From Publishers Weekly
For serious students of Bowles and for rank neophytes, this collection is a good buy. For others, probably not. The volume includes the complete text of The Sheltering Sky and excerpts from three other novels; several stories from The Delicate Prey and other collections; a smattering of poems; travel writing from Their Heads Are Green and Their Hands Are Blue ; some 50 pages from the autobiographical Without Stopping and another 20 from Days: Tangier Journal 1987-1989 and an interview with editor Halpern, whose brief preface recalls his early encounters with Bowles and their collaboration on the literary magazine Antaeus . There are also nine letters of a rather banausic turn, which may be why they have not been published until now. The main attraction is the title novella, written recently and first published here. It has all the makings of classic Bowles: an American brother and sister in Mali's Gao region face the country and themselves. But at some 35 pages, it is too short for Bowles to paint the cumulative portraits he is known for, and the dark fable at the story's heart is overwhelmed by such ultimately sterile devices as the sister's letters home and the brother's pseudo-flirtation with a French widow.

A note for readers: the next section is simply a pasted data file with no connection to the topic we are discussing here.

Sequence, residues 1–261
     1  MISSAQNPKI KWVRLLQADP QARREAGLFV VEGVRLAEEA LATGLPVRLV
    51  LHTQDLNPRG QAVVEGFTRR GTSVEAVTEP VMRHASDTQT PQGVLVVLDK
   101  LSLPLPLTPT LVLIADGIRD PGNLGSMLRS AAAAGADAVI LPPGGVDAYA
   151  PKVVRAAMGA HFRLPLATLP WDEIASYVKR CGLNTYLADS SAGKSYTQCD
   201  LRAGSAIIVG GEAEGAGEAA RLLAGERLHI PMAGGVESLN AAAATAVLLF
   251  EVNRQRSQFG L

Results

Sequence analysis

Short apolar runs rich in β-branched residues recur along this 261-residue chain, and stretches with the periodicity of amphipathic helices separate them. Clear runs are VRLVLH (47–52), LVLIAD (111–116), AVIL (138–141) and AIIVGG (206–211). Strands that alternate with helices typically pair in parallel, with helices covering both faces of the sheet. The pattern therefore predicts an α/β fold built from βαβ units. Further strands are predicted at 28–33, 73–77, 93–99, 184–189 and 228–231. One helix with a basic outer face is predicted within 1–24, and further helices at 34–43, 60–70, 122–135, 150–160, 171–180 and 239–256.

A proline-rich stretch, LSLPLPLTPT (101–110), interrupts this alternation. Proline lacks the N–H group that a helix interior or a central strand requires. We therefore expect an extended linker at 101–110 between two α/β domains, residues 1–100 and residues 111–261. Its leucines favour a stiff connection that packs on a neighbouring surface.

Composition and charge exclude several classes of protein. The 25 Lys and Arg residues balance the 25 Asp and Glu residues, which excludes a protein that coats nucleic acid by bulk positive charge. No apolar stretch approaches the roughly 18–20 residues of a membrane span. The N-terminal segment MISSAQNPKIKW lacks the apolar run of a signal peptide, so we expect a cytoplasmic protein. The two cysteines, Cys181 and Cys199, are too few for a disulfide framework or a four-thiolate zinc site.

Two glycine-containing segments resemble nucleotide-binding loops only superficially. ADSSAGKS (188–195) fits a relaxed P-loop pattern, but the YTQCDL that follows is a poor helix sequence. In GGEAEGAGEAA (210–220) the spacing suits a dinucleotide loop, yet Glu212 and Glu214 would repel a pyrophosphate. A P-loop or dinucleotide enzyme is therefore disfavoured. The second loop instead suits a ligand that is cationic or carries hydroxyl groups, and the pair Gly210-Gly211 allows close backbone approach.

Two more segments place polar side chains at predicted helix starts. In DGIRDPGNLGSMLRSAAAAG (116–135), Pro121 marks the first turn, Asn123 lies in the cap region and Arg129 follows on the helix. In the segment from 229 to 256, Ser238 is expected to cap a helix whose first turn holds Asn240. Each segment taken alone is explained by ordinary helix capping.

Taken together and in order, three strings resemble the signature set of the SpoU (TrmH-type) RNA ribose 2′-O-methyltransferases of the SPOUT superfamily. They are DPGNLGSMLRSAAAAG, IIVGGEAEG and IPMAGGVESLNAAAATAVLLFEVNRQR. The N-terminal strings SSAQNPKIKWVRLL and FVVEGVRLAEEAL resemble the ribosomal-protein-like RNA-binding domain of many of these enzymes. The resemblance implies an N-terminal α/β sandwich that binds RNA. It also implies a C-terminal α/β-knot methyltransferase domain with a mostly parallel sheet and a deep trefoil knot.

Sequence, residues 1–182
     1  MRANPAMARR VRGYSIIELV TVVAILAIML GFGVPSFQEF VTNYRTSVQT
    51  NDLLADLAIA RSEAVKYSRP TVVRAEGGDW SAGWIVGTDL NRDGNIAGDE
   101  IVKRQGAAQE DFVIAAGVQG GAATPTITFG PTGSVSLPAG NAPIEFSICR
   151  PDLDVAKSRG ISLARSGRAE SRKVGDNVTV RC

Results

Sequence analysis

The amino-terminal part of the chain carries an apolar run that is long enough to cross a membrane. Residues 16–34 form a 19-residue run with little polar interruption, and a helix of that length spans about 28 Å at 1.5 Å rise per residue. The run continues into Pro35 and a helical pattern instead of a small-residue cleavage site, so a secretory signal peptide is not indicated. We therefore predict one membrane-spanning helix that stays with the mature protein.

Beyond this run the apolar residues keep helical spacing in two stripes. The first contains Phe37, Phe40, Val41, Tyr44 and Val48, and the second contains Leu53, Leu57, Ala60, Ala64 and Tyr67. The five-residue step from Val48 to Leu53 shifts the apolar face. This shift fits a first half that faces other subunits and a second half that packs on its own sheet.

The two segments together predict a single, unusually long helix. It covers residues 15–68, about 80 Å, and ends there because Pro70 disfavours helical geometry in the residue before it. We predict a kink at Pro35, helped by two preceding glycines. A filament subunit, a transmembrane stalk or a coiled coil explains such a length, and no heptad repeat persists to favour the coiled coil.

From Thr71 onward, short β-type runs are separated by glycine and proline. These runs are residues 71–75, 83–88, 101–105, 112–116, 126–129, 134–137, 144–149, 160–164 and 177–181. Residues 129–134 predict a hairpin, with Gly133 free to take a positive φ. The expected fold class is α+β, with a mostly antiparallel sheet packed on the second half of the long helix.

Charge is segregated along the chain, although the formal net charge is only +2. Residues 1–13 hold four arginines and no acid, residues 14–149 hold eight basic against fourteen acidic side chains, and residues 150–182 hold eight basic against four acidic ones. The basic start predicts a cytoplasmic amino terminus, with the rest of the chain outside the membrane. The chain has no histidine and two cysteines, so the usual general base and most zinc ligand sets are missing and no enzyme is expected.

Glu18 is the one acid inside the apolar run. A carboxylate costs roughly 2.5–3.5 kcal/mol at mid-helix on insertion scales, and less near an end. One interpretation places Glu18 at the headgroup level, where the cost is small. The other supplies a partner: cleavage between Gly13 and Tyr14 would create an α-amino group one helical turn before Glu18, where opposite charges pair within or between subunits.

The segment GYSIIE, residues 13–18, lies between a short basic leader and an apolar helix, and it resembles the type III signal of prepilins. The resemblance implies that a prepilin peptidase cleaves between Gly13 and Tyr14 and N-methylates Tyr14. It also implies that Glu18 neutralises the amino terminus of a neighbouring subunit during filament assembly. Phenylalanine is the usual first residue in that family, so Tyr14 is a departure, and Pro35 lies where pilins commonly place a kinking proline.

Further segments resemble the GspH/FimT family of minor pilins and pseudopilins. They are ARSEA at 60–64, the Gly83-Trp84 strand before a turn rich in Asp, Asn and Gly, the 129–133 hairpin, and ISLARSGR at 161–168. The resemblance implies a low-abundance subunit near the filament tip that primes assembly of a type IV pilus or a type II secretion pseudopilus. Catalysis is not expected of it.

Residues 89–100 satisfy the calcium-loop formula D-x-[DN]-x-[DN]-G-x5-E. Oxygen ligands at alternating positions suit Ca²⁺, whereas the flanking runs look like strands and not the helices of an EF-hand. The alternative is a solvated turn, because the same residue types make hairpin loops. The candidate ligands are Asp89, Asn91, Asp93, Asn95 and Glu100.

Copyright 1993 Reed Business Information, Inc.
--This text refers to an out of print or unavailable edition of this title.
About the Author
Paul Bowles was born in 1910 and studied music with Aaron Copland before moving to Tangier, Morocco. A devastatingly imaginative observer of the West's encounter with the East, he is the author of four highly acclaimed novels: The Sheltering Sky, Let It Come Down, The Spider's House, and Up Above the World. In addition to being one of the most powerful postwar American novelists, Bowles was an acclaimed composer, a travel writer, a poet, a translator, and a short-story writer. He died in Morocco in 1999.